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Promoter Screening from Bacillus subtilis in Various Conditions Hunting for Synthetic Biology and Industrial Applications

  • Yafeng Song ,

    Contributed equally to this work with: Yafeng Song, Jonas M. Nikoloff

    Affiliations Tianjin Institute of Industrial Biotechnology, Chinese Academy of Sciences, Tianjin 300308, P. R. China, Key Laboratory of Systems Microbial Biotechnology, Chinese Academy of Sciences, Tianjin 300308, P. R. China

  • Jonas M. Nikoloff ,

    Contributed equally to this work with: Yafeng Song, Jonas M. Nikoloff

    Affiliation Tianjin Institute of Industrial Biotechnology, Chinese Academy of Sciences, Tianjin 300308, P. R. China

  • Gang Fu,

    Affiliations Tianjin Institute of Industrial Biotechnology, Chinese Academy of Sciences, Tianjin 300308, P. R. China, Key Laboratory of Systems Microbial Biotechnology, Chinese Academy of Sciences, Tianjin 300308, P. R. China

  • Jingqi Chen,

    Affiliations Tianjin Institute of Industrial Biotechnology, Chinese Academy of Sciences, Tianjin 300308, P. R. China, Key Laboratory of Systems Microbial Biotechnology, Chinese Academy of Sciences, Tianjin 300308, P. R. China

  • Qinggang Li,

    Affiliations Tianjin Institute of Industrial Biotechnology, Chinese Academy of Sciences, Tianjin 300308, P. R. China, Key Laboratory of Systems Microbial Biotechnology, Chinese Academy of Sciences, Tianjin 300308, P. R. China

  • Nengzhong Xie,

    Affiliations National Engineering Research Center for Non-food Biorefinery, State Key Laboratory of Non-food Biomass Energy and Enzyme Technology, Nanning 5300074, P. R. China, Guangxi Biomass Industrialization Engineering Institute, Guangxi Academy of Sciences, Nanning 530007, P. R. China

  • Ping Zheng,

    Affiliations Tianjin Institute of Industrial Biotechnology, Chinese Academy of Sciences, Tianjin 300308, P. R. China, Key Laboratory of Systems Microbial Biotechnology, Chinese Academy of Sciences, Tianjin 300308, P. R. China

  • Jibin Sun,

    Affiliations Tianjin Institute of Industrial Biotechnology, Chinese Academy of Sciences, Tianjin 300308, P. R. China, Key Laboratory of Systems Microbial Biotechnology, Chinese Academy of Sciences, Tianjin 300308, P. R. China

  • Dawei Zhang

    Affiliations Tianjin Institute of Industrial Biotechnology, Chinese Academy of Sciences, Tianjin 300308, P. R. China, Key Laboratory of Systems Microbial Biotechnology, Chinese Academy of Sciences, Tianjin 300308, P. R. China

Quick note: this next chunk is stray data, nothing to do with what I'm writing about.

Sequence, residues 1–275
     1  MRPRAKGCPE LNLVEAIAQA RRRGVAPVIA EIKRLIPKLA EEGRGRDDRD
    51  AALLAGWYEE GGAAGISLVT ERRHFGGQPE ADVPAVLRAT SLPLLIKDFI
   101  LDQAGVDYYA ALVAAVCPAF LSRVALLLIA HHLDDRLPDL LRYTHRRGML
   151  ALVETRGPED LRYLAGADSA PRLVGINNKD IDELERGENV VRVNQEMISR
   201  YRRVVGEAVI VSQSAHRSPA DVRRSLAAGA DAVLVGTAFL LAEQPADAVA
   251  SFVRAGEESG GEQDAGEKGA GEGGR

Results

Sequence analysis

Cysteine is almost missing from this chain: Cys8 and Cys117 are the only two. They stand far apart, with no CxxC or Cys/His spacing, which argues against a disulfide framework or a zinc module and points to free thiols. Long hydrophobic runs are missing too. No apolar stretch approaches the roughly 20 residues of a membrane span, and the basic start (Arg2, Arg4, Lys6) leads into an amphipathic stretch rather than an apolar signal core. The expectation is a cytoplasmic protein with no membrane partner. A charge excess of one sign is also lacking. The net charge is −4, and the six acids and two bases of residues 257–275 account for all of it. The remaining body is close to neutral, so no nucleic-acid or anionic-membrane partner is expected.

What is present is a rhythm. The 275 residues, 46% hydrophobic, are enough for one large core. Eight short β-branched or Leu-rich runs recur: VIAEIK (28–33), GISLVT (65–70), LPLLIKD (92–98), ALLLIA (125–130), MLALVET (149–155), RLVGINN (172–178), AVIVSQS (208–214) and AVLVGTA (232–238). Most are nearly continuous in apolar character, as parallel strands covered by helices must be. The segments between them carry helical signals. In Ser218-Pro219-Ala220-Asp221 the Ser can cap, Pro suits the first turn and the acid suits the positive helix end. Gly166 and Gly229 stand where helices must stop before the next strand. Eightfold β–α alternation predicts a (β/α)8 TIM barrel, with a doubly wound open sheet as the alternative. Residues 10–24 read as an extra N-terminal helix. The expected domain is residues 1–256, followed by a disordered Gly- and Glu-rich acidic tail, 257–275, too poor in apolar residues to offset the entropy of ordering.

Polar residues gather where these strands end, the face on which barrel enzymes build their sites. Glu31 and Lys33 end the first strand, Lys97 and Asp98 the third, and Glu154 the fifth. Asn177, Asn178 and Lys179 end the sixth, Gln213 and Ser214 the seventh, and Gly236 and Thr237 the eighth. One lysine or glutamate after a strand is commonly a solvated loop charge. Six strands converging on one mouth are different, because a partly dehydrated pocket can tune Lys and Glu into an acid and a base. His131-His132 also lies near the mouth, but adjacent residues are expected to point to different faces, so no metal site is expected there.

The use of Bacillus subtilis in synthetic biology and metabolic engineering is highly desirable to take advantage of the unique metabolic pathways present in this organism. To do this, an evaluation of B. subtilis’ intrinsic biological parts is required to determine the best strategies to accurately regulate metabolic circuits and expression of target proteins. The strengths of promoter candidates were evaluated by measuring relative fluorescence units of a green fluorescent protein reporter, integrated into B. subtilis’ chromosome. A total of 84 predicted promoter sequences located upstream of different classes of proteins including heat shock proteins, cell-envelope proteins, and proteins resistant against toxic metals (based on similarity) and other kinds of genes were tested. The expression levels measured ranged from 0.0023 to 4.53-fold of the activity of the well-characterized strong promoter P43. No significant shifts were observed when strains, carrying different promoter candidates, were cultured at high temperature or in media with ethanol, but some strains showed increased activity when cultured under high osmotic pressure. Randomly selected promoter candidates were tested and found to activate transcription of thermostable β-galactosidase (bgaB) at a similar level, implying the ability of these sequences to function as promoter elements in multiple genetic contexts. In addition, selected promoters elevated the final production of both cytoplasmic bgaB and secreted protein α-amylase to about fourfold and twofold, respectively. The generated data allows a deeper understanding of B. subtilis’ metabolism and will facilitate future work to develop this organism for synthetic biology.


Metabolic engineering seeks to increase the synthesis of desired products de novo and by modification of existing metabolic pathways or by optimization of appropriate genetic elements [14]. The use of different biological elements may help to tune expression to achieve the desired production level, provided that cell metabolism remains co-ordinated [58]. Some organizations, e.g. the Genetically Engineered Machine (iGEM) Foundation, have tested the efficiency of sequence elements to function as interchangeable components or biobricks that can be used to build biological systems. The goal is to assemble libraries of these elements that can be applied for the engineering of living cells.